Mumbai’s Marine Drive has a curvy, 3.6 km long boulevard and is perhaps, one of the most famous landmarks in the city.
Popularly known as the Queen’s Necklace, when the coastline gets lit up in the evenings, is an essential on every tourist’s itinerary or for that matter even the locals as they love taking a casual stroll around the periphery of the Marine Drive or simply sitting by the Arabian sea watching the sunset.
However, the same Marine Drive is now in the news, albeit for the wrong reasons. Recently the Arabian Sea washed up more than two lakh kilograms of garbage on the shoreline after the recent high tide.
Needless to say, it was the same litter that people tossed in the sea and other water bodies.
However, Mumbai is not the only city that has been grappling with the issue of sea pollution. In 2018, the Great Pacific Garbage, a long stretch of area in the Pacific Ocean between Hawaii and California, created waves on the internet for the shocking amount of garbage it contains that is choking all the marine life.
All this reiterates that it is high time both tourists as well as local citizens and government bodies , take the responsibility to maintain the sanctity of the destinations specially those that are abundant in natural resources and find ways and means to reduce the impact of ecological degradation.
The NITI Aayog (National Institution for Transforming India) is the premier policy ‘Think Tank’ of the Government of India, providing both directional and policy inputs. The Aayog supports a cooperative federal structure where the Center and the States prepare development policies together.
Under its vision documents for 2017-2024, one of the focuses is on the impacts of mass tourism in the Indian Himalayan Region (IHR) in particular.
IHR is significant for India. Stretching for about 2,400 kilometres, the IHR extends from the Indus River in the west to the Brahmaputra River in the east. It covers 10 mountain states and four hill districts of India that make up the country’s north and north-eastern borders.
Arunachal Pradesh, Assam, Himachal Pradesh , Jammu & Kashmir, Manipur, Meghalaya , Mizoram, Nagaland, Sikkim, Tripura, Uttarakhand and West Bengal are the part of the IHR.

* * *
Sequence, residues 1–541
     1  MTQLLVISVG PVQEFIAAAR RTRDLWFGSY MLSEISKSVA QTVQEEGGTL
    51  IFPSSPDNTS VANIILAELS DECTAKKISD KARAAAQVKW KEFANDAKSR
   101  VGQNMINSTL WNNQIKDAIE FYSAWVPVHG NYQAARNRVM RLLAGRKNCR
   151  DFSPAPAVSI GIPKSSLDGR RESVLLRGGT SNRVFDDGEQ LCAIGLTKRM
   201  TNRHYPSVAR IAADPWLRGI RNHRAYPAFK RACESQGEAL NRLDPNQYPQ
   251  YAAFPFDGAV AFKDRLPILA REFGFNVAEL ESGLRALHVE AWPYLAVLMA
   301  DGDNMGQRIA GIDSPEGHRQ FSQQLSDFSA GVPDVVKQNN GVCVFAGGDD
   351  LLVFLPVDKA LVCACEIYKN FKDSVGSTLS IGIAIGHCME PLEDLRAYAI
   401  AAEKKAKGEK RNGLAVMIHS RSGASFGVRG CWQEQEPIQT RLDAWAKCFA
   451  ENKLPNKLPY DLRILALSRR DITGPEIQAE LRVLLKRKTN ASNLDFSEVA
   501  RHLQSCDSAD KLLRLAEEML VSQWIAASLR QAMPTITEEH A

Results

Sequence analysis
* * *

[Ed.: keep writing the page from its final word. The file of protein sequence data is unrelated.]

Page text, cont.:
IHR also shares borders with six neighbouring countries (China, Nepal, Bhutan, Myanmar, Pakistan, and Bangladesh)
With its towering snow-laden peaks, majestic landscapes, rich biodiversity and cultural heritage, the Indian Himalayan Region has regularly drawn visitors and pilgrims from the Indian sub-continent and across the world. Every year an average of about 100 million tourists visit the ecologically sensitive area which is home to about 50 million people. This number will soon be touching the 240 million mark in seven years, putting a huge pressure on the state’s natural resources.
Some of the proposals of NITI aayog in promotion of Sustainable Tourism in IHR are:-
- Disaster management and Pollution control (including Climate Change)
- Visitor Control Mechanism to track the number of visitors every year.
- Tourist Traffic Management Mechanism to forecast and manage vehicular traffic in the destination.
- Recommended introduction of a “green cess” from consumers to increase tax revenue and assist in maintaining critical services
- A zero waste policy to reduce, reuse, and recycle solid waste.
- Mapping and revival of springs across the Himalayas
- Ensuring that infrastructure such as hotels, restaurants, and road and rail networks in forest areas are ecologically friendly.
- Controlling decibel levels (No loud talking or music in protected areas).
- Resource and Ecology management mechanism, to conserve biology as well as, restore ecology for better management of natural resources and biodiversity.
Tourism is a very complex industry involving numerous stakeholders and requiring significant amount of resources. As more regions and countries develop their tourism industry, it produces significant impacts on natural resources, consumption patterns, pollution and social systems.
The need for sustainable planning and management is imperative for the industry to survive as a whole.